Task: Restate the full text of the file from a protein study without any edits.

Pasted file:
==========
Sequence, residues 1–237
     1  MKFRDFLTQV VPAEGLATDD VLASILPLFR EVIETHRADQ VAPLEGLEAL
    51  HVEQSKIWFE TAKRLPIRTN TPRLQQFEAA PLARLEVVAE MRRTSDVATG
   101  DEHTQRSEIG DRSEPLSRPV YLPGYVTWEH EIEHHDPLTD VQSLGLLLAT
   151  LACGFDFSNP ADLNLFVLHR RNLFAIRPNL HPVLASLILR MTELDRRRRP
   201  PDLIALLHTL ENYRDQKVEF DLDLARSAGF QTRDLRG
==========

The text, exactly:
Sequence, residues 1–237
     1  MKFRDFLTQV VPAEGLATDD VLASILPLFR EVIETHRADQ VAPLEGLEAL
    51  HVEQSKIWFE TAKRLPIRTN TPRLQQFEAA PLARLEVVAE MRRTSDVATG
   101  DEHTQRSEIG DRSEPLSRPV YLPGYVTWEH EIEHHDPLTD VQSLGLLLAT
   151  LACGFDFSNP ADLNLFVLHR RNLFAIRPNL HPVLASLILR MTELDRRRRP
   201  PDLIALLHTL ENYRDQKVEF DLDLARSAGF QTRDLRG